Weather patterns contributed to a screwy sockeye run in 2015, and this year the same is happening to pinks, the second-largest salmon harvest in Alaska.
In 2016, commercial fishermen have only harvested 8 million pinks as of Aug. 15 in Prince William Sound, the state’s largest pink run. Only one-third are hatchery fish, a marked turn from last years’ massive pink haul of 96 million in the Sound, a 20-year record-breaker over 93 million pinks in 2003. Of these, 80 percent were hatchery fish.
Southeast Alaska’s run is doing as badly with only 13.4 million harvested, less than half the already-substandard forecast of 34 million fish.
Dan Gray, the area management biologist for Southeast Alaska’s commercial fisheries, said he and fishermen both are stumped as to the poor run’s nature, but seem to think the warm Gulf of Alaska “blob” of 2015, which raised surface temperatures 2 degrees Celsius, has some impact.
“Maybe it wasn’t the best thing for high sea survival,” he said.
Hope for a midseason pickup in returns is dim. The Southeast pink salmon run midpoint is typically the first week of August. Gray has noted low male-to-female sex ratios throughout the run.
“They generally indicate an early and possibly compressed run timing,” he said. “We’re kind of seeing that’s coming to pass. This run looks like it could just fall off the table here quite soon.”
Causes might be unclear, but Gray is certain of one thing: weirdness.
“The fact this seems to be early and compressed is just a head scratcher for everybody,” he said. “Maybe it shouldn’t be, because we’ve seen such anomalies in the last couple years, with Bristol Bay being two weeks late (in 2015). If that thing was ever two days off the average peak it was big news. We’re seeing some historical really weird stuff. I ask around, ‘Have you ever seen anything like this?’ Across the board, the answer is ‘no.’ This is just historically odd.”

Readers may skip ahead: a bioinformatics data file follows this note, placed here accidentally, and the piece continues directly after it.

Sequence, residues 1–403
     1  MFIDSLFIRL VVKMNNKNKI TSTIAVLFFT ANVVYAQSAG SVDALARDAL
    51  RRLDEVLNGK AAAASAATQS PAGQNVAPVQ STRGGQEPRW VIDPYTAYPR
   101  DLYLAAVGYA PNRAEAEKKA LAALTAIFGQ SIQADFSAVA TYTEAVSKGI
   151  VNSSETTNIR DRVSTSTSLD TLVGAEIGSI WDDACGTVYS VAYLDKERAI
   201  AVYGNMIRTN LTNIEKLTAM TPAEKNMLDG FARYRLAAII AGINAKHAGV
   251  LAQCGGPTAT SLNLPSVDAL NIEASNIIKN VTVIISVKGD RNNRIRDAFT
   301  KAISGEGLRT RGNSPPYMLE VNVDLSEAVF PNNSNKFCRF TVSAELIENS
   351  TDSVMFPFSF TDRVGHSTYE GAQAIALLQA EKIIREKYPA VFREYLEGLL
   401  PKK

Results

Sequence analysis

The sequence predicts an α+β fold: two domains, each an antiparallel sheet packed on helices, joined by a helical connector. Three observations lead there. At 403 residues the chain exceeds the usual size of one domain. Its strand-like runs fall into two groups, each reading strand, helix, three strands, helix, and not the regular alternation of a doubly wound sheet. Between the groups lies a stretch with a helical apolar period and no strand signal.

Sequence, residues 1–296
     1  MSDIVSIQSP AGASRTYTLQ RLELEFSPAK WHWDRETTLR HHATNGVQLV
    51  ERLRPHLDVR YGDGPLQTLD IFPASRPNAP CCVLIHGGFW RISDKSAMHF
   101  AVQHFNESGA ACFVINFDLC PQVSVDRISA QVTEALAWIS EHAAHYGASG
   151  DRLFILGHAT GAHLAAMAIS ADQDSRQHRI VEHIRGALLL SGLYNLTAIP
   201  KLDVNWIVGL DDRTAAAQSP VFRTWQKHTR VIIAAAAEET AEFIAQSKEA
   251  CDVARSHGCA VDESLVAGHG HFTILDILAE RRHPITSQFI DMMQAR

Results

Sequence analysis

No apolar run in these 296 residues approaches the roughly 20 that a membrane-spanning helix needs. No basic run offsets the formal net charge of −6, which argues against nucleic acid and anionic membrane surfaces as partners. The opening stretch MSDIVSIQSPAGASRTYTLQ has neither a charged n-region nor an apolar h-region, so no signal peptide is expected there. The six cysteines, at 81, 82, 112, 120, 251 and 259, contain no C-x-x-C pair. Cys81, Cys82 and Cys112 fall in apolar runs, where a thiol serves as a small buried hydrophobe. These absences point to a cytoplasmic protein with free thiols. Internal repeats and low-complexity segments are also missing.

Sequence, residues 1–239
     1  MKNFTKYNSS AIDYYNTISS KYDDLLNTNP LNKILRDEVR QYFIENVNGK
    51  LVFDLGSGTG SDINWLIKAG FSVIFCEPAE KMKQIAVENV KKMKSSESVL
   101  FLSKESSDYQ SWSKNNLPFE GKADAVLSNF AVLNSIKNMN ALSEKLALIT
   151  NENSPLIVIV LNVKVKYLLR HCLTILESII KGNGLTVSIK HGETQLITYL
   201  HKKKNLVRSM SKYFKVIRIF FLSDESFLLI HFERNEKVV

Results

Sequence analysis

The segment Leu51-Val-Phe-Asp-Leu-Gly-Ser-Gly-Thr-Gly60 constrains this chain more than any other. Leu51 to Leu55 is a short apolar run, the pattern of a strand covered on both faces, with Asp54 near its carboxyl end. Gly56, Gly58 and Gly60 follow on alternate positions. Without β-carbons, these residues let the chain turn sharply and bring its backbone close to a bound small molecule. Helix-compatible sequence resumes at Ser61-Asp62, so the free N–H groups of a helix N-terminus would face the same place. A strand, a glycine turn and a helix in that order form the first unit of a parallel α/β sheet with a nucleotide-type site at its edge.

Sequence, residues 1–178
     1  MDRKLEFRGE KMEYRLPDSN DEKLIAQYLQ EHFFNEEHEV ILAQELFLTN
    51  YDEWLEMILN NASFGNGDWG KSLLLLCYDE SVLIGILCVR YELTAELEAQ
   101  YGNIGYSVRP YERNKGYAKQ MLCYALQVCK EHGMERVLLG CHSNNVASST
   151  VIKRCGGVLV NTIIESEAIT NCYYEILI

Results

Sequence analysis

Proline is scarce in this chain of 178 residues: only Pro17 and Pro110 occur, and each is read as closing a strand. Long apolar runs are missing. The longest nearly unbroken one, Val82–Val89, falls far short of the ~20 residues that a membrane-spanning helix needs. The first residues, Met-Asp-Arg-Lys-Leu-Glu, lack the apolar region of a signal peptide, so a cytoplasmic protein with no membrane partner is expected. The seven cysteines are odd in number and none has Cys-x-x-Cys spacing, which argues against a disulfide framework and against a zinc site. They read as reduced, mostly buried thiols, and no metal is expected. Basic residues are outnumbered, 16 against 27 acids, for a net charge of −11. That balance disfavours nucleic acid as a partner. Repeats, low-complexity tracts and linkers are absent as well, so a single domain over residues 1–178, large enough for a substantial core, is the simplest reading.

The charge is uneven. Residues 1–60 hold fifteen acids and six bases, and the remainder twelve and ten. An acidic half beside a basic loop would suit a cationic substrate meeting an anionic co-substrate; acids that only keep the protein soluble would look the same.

Charles Russell, the area management biologist for ADFG’s Cordova office, echoed Gray.
“You used to be able to set your clock to a lot of things,” said Russel. “Now every year there seems to be a new variable introduced.”
Like last year, Prince William Sound fishermen have made deliveries of species found in waters further south like sunfish and chub mackerel. Nobody has reported a delivery of the latter since 1932.
Russel noted other oddities as well. Like in Southeast, the Prince William Sound run seems to be 7 to 10 days early and slightly compressed.
“Usually, you’ll start seeing jumpers early in the season, indicators that the fish are coming in,” he said. “This year we had very few jumpers in the Sound. The fish were holding deep because the water was warmer, swimming off shore. We had gorgeous weather here. There wasn’t any rain, so they weren’t going up the streams. The water was warm, and there was a lack of water.”
Like Gray, Russell said the blob could be a potential culprit, but doesn’t rule out other unknown factors.
“From what I can gather, something knocked them down early,” said Russell. “As to what that variable is, it could’ve been ocean temperature or food variables, something that affected the stock across the board.”
Hatcheries are feeling the squeeze of bad returns. The Valdez Fisheries Development Association predicted a catch of 17 million fish, but Russell said 8 million is more likely.